There’s no debating that cycling is full of benefits. It keeps you fit, is great for the environment, saves you money on fuel or public transport and you can have fun doing it! Unfortunately, there are dangers involved with road cycling that can make heading out on two wheels seem like a very daunting prospect indeed.
It’sbusy urban areas that present the most significant risk to cyclists and are ultimately the biggest offender when it comes to the location of most accidents. Impatient drivers cutting through congested traffic and complex road layouts can make those on two wheels vulnerable. This is particularly true when cycling in unfamiliar countries and cities.
It’s understandable that many would-be cyclists worry about the possibility of getting into an accident as it’s always going to the cyclist who comes off worst. Injured cyclists can be left facing a long stretch off work and expensive medical bills piling up.
Fortunately, there is help available for the victims of accidents. Experienced specialist solicitors such as Your Legal Friend can help them claim compensation for their pain, suffering and financial losses.
However, just like driving, cycling can be perfectly safe if you follow the rules of the road and basic safety advice. These five top tips could give you the confidence to head out onto the open road safely:
Brakes at the ready
It’s not a good idea to delay braking at junctions and roundabouts. Cover your brakes with your hands on approach and start braking in plenty of time. You’ll also be ready if the need to make an emergency stop suddenly arises. This is also a good tip to put into practice if you’re ever unsure whether you have been spotted by another road user.
Treat junctions with caution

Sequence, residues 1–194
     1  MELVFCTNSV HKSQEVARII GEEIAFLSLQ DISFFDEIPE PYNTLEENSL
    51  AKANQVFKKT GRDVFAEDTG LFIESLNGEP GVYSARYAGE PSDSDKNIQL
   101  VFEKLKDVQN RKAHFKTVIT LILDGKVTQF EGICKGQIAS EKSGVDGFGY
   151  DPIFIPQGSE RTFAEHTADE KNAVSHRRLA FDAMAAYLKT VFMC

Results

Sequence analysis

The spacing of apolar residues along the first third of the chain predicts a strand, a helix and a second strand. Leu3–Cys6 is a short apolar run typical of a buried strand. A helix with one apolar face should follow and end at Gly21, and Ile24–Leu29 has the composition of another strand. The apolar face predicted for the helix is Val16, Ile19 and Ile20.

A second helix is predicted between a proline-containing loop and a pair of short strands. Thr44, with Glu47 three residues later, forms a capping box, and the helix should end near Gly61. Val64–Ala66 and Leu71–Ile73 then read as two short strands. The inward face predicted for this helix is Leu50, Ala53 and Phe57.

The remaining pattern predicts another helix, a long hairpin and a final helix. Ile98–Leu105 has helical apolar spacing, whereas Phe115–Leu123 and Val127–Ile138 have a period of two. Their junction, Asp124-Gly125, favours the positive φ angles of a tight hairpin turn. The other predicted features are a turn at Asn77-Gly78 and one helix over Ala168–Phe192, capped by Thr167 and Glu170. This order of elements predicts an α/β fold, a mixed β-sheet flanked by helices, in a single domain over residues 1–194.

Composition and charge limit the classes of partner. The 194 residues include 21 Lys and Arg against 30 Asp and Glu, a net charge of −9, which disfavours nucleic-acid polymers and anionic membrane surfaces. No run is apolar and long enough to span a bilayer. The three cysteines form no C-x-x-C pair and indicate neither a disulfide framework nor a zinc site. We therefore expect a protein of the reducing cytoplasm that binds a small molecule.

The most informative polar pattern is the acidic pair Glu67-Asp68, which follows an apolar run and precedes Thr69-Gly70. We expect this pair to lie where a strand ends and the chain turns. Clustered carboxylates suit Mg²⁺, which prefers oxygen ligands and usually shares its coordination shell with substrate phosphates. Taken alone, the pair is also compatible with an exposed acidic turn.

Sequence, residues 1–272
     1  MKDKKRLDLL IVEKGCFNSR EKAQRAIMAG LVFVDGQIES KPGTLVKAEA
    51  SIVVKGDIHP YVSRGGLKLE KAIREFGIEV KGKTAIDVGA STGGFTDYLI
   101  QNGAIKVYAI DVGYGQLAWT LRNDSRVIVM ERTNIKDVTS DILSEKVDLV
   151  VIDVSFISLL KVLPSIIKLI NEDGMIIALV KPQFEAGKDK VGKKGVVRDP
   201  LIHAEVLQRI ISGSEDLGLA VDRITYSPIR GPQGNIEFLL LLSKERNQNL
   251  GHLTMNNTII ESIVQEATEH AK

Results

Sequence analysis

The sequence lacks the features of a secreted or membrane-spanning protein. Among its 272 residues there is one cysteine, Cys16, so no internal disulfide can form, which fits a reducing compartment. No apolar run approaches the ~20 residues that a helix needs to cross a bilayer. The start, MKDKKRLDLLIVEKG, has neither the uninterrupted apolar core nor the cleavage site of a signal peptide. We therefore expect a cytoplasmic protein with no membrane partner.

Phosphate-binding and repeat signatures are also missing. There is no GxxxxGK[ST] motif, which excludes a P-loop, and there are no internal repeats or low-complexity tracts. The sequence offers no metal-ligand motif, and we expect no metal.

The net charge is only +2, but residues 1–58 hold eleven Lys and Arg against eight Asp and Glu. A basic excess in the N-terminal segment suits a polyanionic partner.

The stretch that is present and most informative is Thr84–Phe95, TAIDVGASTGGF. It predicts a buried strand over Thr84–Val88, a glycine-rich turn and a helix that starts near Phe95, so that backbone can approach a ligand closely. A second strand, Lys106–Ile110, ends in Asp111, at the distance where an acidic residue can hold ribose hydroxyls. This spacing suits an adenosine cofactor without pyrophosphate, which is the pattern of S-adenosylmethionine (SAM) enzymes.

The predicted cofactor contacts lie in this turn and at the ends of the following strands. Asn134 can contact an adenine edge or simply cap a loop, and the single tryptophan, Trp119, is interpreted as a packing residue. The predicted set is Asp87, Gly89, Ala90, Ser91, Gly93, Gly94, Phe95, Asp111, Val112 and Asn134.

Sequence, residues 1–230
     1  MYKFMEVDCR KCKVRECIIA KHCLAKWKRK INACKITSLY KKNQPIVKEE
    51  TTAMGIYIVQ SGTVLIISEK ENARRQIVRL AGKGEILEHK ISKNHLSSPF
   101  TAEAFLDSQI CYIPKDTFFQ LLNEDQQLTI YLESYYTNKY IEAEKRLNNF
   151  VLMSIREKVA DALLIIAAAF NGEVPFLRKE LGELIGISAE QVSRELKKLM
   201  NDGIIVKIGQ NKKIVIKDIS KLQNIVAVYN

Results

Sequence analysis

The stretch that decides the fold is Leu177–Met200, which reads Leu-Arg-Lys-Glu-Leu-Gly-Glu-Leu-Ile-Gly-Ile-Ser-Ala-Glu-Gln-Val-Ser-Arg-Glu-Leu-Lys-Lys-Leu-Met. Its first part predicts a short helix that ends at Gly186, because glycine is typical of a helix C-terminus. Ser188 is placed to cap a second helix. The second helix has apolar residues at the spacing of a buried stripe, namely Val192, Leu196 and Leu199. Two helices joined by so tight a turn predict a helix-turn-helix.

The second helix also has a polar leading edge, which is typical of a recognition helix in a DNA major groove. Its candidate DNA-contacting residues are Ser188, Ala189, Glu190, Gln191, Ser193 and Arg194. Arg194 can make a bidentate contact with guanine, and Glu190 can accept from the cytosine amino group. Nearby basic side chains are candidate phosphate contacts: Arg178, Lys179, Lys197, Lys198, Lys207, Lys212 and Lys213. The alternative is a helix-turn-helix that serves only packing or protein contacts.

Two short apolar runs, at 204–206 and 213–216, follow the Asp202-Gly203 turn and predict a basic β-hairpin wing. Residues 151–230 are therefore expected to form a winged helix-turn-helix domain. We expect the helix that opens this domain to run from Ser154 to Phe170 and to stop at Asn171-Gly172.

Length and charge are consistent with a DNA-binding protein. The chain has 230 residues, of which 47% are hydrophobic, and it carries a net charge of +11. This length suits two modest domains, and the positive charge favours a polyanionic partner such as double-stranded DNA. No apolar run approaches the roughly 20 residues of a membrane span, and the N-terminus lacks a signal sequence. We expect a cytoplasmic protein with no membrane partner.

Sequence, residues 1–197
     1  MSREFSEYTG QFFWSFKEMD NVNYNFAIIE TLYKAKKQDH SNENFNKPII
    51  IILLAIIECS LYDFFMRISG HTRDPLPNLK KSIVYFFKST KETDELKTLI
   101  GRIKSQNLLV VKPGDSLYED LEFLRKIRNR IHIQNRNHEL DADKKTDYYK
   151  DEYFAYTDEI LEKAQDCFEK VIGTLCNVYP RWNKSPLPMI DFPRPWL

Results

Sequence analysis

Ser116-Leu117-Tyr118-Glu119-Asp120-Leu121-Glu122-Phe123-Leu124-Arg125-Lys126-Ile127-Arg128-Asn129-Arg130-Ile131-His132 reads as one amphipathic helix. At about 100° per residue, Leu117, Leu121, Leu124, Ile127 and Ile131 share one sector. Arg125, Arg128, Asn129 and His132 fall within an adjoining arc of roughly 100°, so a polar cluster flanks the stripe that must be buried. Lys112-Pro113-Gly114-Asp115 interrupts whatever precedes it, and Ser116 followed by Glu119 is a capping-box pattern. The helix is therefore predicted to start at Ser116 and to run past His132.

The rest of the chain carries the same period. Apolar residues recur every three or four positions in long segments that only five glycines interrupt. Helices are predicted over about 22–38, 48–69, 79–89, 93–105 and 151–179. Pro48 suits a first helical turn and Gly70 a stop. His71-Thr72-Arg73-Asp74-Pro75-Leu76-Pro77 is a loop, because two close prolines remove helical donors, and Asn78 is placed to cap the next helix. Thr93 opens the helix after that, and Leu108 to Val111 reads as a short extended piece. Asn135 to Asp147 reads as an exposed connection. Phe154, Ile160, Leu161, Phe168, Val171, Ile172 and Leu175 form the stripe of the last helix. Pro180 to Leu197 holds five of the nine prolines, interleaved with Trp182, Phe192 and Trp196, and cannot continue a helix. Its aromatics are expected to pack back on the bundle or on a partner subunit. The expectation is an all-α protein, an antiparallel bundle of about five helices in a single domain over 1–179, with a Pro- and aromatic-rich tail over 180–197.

You should position your bicycle at least a couple of feet from the side of the road as you arrive at a junction. This will make you visible to drivers and other road users. It will also benefit you by allowing you to see further across the junction. Remember that most vehicles have blind spots, especially larger ones such as buses and lorries. Consider that you may have cropped up in a driver’s blind spot and try to make eye contact where possible. It’s also easier to misjudge the speed of moving vehicles than you may think. Don’t be over-confident when pulling out at junctions and stay patient.
Be wary of parked cars
Wherever possible, you should pass by parked vehicles with a least the width of a car door in between. This means you’ll clear any suddenly opening doors that could result in some unpleasant injuries for you. If it’s safe to do so, you should also cut your speed. This will give you a much better chance of breaking in time if you spot a door swinging open or a car preparing to pull out. Leaving a door’s width will also make you more visible in the wing mirrors of drivers who are about to move away.
The pavement is not the answer
Taking your bike onto pavements and pedestrian paths might be tempting if you’re still a little uneasy about the idea of road cycling. But don’t be fooled by the misconception that this will be safer. Cycling on the pavement is actually likely to throw up more hazards than the roads will. From cars reversing out of drives to playing children and unsecured grids to excitable dogs, there are many obstacles in your path.
Don’t rely on high vis
Although wearing bright clothing and fixing lights and reflectors to your bike is always helpful, some cyclists are guilty of putting too much trust in it. You shouldn’t be over-reliant on your high visibility equipment and should still follow your other safety rules and make sure you have been seen by other road users – especially when it comes to blind spots.